Scientists say you're not the Neanderthal they used to think
The shared DNA of Neanderthals and humans is probably due to a common ancestor
Steve Connor is the Science Editor of The Independent and i. He has won many awards for his journalism, including five-times winner of the prestigious British science writers’ award; the David Perlman Award of the American Geophysical Union; four times highly commended as specialist journalist of the year in the UK Press Awards; UK health journalist of the year and a special merit award of the European School of Oncology for his investigations into the tobacco industry. He has a degree in zoology from the University of Oxford and has a special interest in genetics and medical science, human evolution and origins, climate change and the environment.
Tuesday 14 August 2012
Neanderthal man did not, after all, leave his genes behind when he became extinct 40,000 years ago, according to a study that discredits the idea of the Neanderthals interbreeding with the ancestors of modern humans. The latest analysis of the Neanderthal genome has contradicted a study of 2010 that concluded there was limited interbreeding with Homo sapiens, suggesting there was a little bit of Neanderthal left in many people alive today.
The debate over what happened to the Neanderthals and whether they ever had children from "mixed marriages" with Homo sapiens has raged for several decades. In 2010, the first genetics evidence emerged in a study showing that between 1 and 4 per cent of the DNA of some modern humans was shared with the Neanderthals, indicating a brief period of hybridisation between the two species.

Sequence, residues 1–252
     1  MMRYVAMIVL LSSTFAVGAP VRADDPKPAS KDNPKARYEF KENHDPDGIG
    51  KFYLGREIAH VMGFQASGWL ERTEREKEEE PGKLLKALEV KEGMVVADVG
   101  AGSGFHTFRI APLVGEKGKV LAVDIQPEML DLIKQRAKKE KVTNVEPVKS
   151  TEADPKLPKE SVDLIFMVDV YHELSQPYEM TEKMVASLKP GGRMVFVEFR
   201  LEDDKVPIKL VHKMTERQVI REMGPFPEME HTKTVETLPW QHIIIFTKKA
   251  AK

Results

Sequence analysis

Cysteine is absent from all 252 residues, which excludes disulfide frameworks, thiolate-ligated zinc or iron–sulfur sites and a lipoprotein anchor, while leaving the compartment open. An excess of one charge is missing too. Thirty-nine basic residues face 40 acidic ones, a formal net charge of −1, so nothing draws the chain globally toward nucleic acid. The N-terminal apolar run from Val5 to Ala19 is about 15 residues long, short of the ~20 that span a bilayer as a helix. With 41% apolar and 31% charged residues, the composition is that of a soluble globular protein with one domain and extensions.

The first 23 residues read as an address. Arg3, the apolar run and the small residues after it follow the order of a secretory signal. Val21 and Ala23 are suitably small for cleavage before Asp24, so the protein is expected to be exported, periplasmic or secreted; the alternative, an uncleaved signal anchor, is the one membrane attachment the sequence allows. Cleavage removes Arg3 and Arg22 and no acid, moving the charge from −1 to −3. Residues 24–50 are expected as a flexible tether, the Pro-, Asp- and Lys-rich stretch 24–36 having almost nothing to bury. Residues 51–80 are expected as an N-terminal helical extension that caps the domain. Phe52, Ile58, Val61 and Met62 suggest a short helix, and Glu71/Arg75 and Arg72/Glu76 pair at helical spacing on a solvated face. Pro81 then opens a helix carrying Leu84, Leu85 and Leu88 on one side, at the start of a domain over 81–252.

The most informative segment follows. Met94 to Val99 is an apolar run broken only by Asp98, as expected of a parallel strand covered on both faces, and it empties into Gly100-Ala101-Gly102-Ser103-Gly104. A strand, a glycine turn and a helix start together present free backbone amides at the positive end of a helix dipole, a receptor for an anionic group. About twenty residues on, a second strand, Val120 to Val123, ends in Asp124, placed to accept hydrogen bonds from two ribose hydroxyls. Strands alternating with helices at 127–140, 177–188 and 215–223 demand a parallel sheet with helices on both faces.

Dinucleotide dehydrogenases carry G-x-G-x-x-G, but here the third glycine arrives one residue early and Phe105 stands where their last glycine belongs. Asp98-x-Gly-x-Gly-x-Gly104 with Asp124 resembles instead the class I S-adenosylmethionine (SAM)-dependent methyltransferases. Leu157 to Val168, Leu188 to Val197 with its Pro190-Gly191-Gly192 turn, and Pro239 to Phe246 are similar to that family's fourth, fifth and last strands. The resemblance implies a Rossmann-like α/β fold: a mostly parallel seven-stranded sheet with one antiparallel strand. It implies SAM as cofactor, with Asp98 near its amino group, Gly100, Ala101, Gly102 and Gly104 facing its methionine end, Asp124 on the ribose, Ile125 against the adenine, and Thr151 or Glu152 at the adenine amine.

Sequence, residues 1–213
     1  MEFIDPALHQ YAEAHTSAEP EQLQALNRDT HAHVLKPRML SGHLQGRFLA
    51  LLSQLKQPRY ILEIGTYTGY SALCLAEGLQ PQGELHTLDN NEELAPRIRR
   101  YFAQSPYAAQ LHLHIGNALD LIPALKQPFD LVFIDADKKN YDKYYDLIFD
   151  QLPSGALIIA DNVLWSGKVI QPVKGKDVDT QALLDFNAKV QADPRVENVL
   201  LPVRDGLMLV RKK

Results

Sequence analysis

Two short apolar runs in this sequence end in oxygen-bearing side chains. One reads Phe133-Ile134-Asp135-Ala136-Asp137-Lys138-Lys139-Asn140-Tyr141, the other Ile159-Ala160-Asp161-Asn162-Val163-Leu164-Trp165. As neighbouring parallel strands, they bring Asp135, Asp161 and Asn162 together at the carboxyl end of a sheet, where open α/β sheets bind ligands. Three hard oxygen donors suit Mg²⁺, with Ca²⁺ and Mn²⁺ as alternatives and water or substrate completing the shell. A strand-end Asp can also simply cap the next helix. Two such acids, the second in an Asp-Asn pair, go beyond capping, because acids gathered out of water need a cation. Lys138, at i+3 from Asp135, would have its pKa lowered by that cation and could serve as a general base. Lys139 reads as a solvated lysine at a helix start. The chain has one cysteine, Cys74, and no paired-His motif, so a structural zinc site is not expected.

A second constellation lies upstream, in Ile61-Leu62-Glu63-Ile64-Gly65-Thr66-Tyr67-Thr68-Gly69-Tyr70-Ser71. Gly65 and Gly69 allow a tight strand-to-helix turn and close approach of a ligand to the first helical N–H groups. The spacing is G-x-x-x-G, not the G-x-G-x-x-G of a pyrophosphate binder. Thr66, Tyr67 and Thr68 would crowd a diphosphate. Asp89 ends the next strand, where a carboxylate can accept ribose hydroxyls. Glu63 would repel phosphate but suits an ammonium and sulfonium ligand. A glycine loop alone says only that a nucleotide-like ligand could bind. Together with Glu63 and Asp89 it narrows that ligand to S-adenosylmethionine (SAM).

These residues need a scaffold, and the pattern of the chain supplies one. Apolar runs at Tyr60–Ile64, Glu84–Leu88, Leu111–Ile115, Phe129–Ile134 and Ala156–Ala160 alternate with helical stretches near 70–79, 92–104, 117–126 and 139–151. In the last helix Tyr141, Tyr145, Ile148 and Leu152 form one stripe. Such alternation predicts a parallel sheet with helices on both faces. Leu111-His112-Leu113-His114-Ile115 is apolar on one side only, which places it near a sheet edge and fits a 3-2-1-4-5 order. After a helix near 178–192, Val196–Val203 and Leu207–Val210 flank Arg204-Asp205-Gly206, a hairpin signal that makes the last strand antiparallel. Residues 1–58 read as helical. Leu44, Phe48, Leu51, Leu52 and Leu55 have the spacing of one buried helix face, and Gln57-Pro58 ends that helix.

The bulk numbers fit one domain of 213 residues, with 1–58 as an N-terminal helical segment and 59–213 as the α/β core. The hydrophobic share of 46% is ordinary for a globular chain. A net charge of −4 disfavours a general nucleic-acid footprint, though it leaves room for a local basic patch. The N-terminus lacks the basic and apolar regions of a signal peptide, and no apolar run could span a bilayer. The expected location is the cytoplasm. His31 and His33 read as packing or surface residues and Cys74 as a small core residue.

However, the latest study has concluded that this shared DNA was not a fossilised remnant of the time when Neanderthals and modern humans "made whoopee", but in fact a leftover from a much earlier point in human pre-history when Neanderthals and modern humans had shared a common ancestor in Africa.
Dr Andrea Manica of the University of Cambridge said that although his work does not totally discount the idea of some limited hybridisation, there is no doubt that if such interbreeding took place it left little if any mark on the genetic make-up of modern humans.
"To me the interbreeding question is not whether there was hybridisation but whether there was any hybridisation that affected the subsequent evolution of humans. I think this is very, very unlikely," Dr Manica said.
"Our work shows clearly the patterns currently seen in the Neanderthal genome are not exceptional, and are in line with our expectations of what we would see without hybridisation.
"So, if any hybridisation happened then it would have been minimal and much less than what people are claiming now," Dr Manica added.
The study, published in the journal Proceedings of the National Academy of Sciences, found that the 1 to 4 per cent similarity between the DNA of Neanderthals and non-Africans today probably arose from a divergence of the ancient human population in Africa between 350,000 and 300,000 years ago. One group moved north to become ancestors of the Neanderthals, who had emerged from an early migration from Africa into Eurasia. The second group moved south to become the ancestral population that gave rise to modern humans, Homo sapiens, which emerged from Africa about 70,000 years ago.
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